10th June 2014

Out of the mouths of babes

No rehearsed party line, no clever rhetoric, no agenda, just this from a hungry 10-year-old: “It shouldn’t be like this. All people should have food.”

Last night’s Breadline Kids on Channel 4 made for uncomfortable viewing, even for someone involved in a local foodbank and already too familiar with heart-breaking stories of poverty in Britain. Hearing about such desperate realities from the mouths of children is incredibly moving – of course, that’s why the programme was made – but it also brings fresh insight that leads to renewed compassion and impetus to do something to help.

The arguments used by politicians on both sides of the polarising debate about food poverty are familiar and lack nuance; the children featured in Breadline Kids spoke in more articulate and profound sentences than many adults. We’re not so used to hearing about what hunger is like from the perspective of a child: “When you skip a meal you get a really sore feeling like something is biting you,” says 10-year-old Cara, who moved in with her grandmother Lucy when her mum became seriously ill. Lucy is on a zero hours contract so the money coming in fluctuates from week to week.

It’s hard (I hope) to keep believing the myth that in general foodbank recipients want to go to foodbanks when a 10-year-old speaks of the shame of it, saying: “I don’t want to tell my friends I went to the foodbank!”

It’s equally difficult to maintain a query over the rise in food poverty that someone involved in politics recently asked me about – “Do you think the real reason more people are using foodbanks is because there are more of them and they’re now widely known?” The Government’s own research says that there’s no evidence for this. Yet there are countless stories of people plunged into poverty by circumstances beyond their control.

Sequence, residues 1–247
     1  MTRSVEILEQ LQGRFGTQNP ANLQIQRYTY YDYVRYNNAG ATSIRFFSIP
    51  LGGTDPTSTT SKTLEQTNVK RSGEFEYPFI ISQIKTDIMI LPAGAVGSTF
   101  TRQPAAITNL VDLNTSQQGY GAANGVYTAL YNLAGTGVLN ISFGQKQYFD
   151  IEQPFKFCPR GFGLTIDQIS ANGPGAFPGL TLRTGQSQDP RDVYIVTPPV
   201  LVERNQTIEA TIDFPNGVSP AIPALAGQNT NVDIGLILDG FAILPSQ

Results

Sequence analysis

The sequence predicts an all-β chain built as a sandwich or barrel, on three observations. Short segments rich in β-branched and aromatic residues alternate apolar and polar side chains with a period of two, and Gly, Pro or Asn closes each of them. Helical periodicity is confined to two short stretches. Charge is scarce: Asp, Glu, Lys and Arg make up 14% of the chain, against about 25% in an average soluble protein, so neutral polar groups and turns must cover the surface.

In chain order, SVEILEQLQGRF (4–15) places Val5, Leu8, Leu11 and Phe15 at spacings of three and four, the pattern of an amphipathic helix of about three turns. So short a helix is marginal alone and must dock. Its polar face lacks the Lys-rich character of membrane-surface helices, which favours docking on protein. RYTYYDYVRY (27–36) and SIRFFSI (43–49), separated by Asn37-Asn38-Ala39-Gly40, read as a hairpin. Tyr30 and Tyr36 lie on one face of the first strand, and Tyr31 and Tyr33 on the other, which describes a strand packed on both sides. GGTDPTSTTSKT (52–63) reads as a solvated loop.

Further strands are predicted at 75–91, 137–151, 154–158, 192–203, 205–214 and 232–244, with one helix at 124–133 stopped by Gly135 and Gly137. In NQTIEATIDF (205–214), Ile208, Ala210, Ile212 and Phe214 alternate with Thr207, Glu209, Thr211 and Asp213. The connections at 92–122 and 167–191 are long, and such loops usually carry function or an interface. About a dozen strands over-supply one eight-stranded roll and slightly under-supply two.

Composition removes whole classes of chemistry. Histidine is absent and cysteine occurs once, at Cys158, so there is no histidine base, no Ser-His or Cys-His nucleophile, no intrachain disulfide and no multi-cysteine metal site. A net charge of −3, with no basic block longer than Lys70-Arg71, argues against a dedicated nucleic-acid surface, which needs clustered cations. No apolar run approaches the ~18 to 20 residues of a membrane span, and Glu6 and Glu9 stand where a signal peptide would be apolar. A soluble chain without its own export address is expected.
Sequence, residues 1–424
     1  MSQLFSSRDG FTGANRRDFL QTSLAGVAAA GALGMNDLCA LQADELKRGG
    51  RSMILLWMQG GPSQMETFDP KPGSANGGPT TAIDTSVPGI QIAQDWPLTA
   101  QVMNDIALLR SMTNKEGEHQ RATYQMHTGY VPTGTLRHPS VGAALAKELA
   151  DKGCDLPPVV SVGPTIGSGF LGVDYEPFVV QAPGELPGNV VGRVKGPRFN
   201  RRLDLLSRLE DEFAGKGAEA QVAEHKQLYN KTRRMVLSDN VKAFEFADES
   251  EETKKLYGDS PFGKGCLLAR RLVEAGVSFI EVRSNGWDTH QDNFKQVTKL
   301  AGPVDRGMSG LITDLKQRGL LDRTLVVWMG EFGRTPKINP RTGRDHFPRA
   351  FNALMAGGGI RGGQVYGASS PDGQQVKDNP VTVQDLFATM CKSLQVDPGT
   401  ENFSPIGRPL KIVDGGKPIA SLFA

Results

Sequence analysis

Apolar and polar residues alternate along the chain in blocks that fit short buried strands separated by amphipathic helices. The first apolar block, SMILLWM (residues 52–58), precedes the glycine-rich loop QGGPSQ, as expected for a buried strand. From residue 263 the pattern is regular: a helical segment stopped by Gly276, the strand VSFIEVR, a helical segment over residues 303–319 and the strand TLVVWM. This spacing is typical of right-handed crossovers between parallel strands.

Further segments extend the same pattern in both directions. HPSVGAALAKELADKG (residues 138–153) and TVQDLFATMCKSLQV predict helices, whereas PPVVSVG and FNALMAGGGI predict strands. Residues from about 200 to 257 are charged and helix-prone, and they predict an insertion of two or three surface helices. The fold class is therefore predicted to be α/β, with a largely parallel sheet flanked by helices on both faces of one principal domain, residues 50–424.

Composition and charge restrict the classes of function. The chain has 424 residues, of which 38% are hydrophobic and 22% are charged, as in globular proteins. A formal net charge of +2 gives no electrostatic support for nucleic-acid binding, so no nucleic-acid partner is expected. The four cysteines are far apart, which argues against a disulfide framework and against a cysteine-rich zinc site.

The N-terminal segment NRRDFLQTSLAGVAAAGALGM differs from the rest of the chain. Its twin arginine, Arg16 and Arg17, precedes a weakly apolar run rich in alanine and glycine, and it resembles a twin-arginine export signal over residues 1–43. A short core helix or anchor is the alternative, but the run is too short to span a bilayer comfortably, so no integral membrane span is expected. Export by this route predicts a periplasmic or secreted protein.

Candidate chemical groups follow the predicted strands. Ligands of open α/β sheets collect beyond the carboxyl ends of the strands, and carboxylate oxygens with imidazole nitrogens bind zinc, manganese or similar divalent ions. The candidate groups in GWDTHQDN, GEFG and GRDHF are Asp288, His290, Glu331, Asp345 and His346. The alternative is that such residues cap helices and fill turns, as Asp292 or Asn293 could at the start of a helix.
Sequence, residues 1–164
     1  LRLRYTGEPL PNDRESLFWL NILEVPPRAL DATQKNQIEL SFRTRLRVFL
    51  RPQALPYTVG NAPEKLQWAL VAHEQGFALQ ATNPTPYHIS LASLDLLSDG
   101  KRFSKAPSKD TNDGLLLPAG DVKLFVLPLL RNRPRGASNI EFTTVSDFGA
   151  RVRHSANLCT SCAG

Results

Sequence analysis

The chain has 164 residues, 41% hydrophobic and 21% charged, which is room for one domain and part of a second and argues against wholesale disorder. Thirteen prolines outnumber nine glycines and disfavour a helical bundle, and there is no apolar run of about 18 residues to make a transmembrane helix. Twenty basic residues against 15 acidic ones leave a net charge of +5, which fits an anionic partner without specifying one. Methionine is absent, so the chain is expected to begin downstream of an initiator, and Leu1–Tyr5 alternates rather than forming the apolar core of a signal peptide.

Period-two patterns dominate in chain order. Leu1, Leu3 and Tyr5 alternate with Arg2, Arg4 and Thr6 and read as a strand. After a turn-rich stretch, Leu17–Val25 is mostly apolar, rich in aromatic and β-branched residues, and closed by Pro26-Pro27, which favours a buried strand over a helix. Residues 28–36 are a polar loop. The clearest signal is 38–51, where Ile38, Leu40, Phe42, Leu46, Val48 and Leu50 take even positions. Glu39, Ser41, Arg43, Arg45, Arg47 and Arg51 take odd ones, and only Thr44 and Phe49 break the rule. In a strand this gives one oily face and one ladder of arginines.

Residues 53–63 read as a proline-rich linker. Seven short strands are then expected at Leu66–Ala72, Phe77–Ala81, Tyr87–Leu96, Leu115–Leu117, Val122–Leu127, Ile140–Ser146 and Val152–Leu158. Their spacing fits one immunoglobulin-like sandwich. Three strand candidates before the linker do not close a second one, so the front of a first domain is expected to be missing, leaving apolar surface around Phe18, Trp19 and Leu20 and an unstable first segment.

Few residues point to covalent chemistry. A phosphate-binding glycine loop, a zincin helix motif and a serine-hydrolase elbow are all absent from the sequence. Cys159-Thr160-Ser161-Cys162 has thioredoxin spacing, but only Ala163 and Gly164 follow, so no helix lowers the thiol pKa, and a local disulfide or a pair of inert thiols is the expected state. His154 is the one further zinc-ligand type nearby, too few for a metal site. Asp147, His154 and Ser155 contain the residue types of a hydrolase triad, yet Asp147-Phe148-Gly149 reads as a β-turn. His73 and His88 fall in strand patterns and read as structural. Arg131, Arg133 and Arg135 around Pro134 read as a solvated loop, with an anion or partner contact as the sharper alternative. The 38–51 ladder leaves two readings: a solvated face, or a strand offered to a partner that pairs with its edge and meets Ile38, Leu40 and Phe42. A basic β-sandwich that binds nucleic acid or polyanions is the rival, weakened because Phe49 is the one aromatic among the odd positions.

Take Tom, who can’t feed his 14-year-old daughter Niomi and his 12-year-old son Drey. Tom had a good job, but when Niomi was diagnosed with leukaemia he gave it up to take care of her. He can’t get Job Seekers’ Allowance because he can’t look for work. Niomi feels guilty. Their story is the antithesis of the benefits scrounger stereotype.

Another child on the Dispatches Breadline Kids programme said this: “She used to be a lot cheerier... Now she's just destroyed, and that's not what mums should be like.”

And then there’s a different mother who’s been destroyed too, mum-of-two Susan, filmed in Breadline Kids telling of such desperation that she has turned to prostitution: “I hate what I do. I’m blown apart inside every time I have to lie down and be an actress on a mattress, but I do it out of necessity.” Through tears, she admits that she has sold sex while her two daughters are downstairs watching television, but she says: “I’m doing this for my kids,” adding: “I’m telling my story so people know how bad things can get for families.” There are many more real-life stories on the Trussell Trust’s website.

Breadline Kids made compelling, distressing, frustrating viewing. Thousands of tweeters took to Twitter to voice their shock, outrage and compassion. But the challenge is what we do when we get out of the comfort of our armchairs. There are 3.5m children in Britain in poverty – almost a third of all children – and yesterday’s Below the Breadline report (released to coincide with the Dispatches programme) by Oxfam, the Trussell Trust and Church Action on Poverty makes for bleak reading.

We must do more than tweet in response.

Whether you can give several hours to volunteering at your local foodbank or give a tin of food, please give it.

Whether you can spare change the next time someone asks you or think creatively about solutions to the root causes of food poverty, please do it.

Whether you have a platform to speak to those in power or a fence over which to speak to your neighbour about food poverty, please speak out.